It’s the start of a new year when we usually dive in with blind optimism with lists of things we dream of doing and challenging ourselves with for the year ahead. However, in these uncertain times, we face the start of another new year with a little trepidation, wondering if we will be able to actually get out and about to attempt to achieve these activities we have set ourselves.
Fear not, we have rustled up a few great books that will give you the nudge you may need to give things a go; whether it is to expand your business, challenge your mind, learn to be less ’online’ or accept that you don’t have to ‘achieve’ things everyday.
Have you got any favourite books that help you reset each new year? Let us know in the comments below and we will compile them into a recommended list.
Million Dollar Micro Business by Tina Tower
Tina Tower delivers a new and smarter way to do business that avoids huge overheads and large capital investments. Fuelled by recent innovations in technology and shifts in consumer behaviour, Tina shows you a new way to have a big impact with few resources. You’ll learn how to create a digital course based on expertise you’ve gained through your life, business, academic work, and career. The book is a practical and tangible guide to getting started and offers a proven framework and case studies of people who have scaled courses into seven-figure ventures and is perfect for entrepreneurs, seasoned professionals, educated experts, and anyone else interested in sharing their knowledge with the world around them.
Let Go by Hugh van Cuylenburg
From the bestselling author of The Resilience Project comes this deeply personal book about the power of letting go. If ever there was a time for us to be resilient it was when a deadly virus engulfed the planet. As death rates soared and crippling lockdowns kicked in, the Resilience Project founder Hugh Van Cuylenburg was one of the people Australia turned to in order to find out how to cope. Under pressure to deliver good news in a historic crisis, it didn’t take long for the Melbourne-based educator to realise he wasn’t coping. Like millions of people around the world, Hugh was forced to reassess life during the 2020-21 pandemic as Covid undermined our sense of safety, strangled our personal connections and saw levels of happiness plunge. After taking the time to address his own problems, Hugh recognised he was being hamstrung by the same powerful issues that undermine the lives of many- our feelings of shame, our quest for perfection and the toxicity of social media. In this follow-up to the best-selling The Resilience Project- Finding Happiness through Gratitude, Empathy and Mindfulness, Hugh combines powerful insight with research and his own disarming and candid storytelling to show how it is possible to let go of the things that are stopping us from feeling connected, safe and happy.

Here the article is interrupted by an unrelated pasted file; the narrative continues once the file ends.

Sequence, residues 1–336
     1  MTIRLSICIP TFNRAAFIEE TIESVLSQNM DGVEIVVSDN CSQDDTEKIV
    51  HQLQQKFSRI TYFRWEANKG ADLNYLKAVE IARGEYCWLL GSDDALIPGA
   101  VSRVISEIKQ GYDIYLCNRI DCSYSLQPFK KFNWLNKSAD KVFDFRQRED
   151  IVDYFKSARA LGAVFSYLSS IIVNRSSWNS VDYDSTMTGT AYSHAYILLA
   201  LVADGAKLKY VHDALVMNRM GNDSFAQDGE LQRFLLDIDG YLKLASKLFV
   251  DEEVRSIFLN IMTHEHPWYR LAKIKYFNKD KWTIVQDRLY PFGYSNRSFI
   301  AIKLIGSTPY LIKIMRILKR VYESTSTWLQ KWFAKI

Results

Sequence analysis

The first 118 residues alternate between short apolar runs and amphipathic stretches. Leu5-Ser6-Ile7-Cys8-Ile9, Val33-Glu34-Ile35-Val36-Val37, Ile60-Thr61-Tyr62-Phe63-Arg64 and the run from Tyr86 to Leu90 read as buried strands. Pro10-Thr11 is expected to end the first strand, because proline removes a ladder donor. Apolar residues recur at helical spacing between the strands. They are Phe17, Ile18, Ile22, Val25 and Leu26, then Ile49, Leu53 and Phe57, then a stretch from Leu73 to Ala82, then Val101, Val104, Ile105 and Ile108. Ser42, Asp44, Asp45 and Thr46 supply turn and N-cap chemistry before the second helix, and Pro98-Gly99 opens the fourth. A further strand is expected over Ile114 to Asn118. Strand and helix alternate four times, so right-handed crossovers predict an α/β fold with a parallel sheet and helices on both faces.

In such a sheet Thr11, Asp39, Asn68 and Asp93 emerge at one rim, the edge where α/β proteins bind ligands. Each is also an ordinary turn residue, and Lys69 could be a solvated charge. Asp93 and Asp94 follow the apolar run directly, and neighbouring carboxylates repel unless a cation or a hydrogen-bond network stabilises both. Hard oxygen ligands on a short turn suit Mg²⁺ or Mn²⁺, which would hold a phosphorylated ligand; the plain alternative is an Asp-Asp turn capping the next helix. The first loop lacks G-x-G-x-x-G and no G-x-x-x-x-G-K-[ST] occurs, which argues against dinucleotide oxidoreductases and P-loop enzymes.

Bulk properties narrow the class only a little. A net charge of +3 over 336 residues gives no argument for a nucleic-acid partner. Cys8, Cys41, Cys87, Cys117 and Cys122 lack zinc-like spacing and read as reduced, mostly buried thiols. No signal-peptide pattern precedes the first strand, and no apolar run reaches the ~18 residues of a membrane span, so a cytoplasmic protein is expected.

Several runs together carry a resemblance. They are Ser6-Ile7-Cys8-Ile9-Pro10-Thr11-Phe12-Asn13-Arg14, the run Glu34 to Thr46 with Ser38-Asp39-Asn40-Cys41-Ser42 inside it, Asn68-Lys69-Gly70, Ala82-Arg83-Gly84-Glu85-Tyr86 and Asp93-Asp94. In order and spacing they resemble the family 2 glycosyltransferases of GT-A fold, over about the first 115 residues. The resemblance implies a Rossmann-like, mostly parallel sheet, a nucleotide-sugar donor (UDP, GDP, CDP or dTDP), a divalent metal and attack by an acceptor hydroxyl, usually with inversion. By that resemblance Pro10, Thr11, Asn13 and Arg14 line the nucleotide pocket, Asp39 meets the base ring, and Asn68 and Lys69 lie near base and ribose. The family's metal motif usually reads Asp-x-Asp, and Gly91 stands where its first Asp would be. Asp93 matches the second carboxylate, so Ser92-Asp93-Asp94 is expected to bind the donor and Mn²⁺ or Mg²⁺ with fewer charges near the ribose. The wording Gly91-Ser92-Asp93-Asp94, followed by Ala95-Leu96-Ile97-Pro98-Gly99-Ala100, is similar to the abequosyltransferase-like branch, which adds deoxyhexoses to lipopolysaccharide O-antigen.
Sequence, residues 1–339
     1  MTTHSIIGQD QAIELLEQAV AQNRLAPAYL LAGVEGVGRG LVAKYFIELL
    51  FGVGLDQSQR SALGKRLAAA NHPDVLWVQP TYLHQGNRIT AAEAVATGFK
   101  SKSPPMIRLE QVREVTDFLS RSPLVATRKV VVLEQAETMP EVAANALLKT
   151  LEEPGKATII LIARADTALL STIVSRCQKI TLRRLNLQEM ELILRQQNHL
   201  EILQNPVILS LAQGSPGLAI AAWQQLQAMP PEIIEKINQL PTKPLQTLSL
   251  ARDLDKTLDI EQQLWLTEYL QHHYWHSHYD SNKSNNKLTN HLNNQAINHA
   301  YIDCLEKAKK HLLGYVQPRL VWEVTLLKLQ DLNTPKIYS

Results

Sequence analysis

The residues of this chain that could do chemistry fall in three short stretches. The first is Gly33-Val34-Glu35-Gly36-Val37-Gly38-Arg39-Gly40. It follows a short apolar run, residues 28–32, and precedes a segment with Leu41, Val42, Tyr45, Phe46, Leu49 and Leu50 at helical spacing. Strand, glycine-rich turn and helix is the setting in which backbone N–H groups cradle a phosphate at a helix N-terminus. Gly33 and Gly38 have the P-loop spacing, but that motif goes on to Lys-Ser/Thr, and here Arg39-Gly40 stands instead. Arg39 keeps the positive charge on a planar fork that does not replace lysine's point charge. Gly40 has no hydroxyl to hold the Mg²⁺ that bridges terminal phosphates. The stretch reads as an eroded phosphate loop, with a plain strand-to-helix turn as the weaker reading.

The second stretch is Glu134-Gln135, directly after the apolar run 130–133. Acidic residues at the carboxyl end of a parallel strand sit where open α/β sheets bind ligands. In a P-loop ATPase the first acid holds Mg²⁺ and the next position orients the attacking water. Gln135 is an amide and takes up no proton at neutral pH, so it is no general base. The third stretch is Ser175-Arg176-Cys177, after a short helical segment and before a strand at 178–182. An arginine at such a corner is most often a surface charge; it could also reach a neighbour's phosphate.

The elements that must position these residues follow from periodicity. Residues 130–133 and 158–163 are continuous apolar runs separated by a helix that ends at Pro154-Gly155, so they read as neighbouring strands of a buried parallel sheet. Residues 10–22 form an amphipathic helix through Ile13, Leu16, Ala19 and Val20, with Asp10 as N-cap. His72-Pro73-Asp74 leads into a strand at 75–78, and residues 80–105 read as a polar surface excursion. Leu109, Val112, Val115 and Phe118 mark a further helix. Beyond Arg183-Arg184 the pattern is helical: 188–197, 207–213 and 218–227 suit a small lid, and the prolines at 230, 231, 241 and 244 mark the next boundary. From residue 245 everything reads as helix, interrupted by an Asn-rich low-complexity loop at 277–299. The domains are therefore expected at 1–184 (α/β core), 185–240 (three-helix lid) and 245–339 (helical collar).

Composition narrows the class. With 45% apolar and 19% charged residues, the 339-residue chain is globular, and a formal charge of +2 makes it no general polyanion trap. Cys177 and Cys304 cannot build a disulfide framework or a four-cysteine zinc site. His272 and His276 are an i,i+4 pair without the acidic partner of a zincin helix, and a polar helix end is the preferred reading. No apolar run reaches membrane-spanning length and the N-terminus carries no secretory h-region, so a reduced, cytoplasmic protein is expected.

You’re Doing It Wrong by Kaz Cooke
You’re Doing it Wrong is an outrageous tour through the centuries of bonkers and bad advice handed down and foisted upon women, told as only Kaz Cooke can – with humour and rage, intelligence and wit. A fresh, funny and furious look at the terrible advice women have been told for centuries. Stroll with bestselling author Kaz Cooke through instructions on how to day-drink, wear a dress made of arsenic, pretend you’re an idiot, have sex with a billionaire biker, curtsey, get properly harassed at work, exercise your nose, oppress other women and frighten your uterus. Using hundreds of amazing photos and illustrations, and the experiences of generations of women in her own family, You’re Doing It Wrong shows how advice has been a weapon against us – and how by recognising it, we can ignore it. And totally cheer up. Warning- contains unbridled swearing about famous philosophers.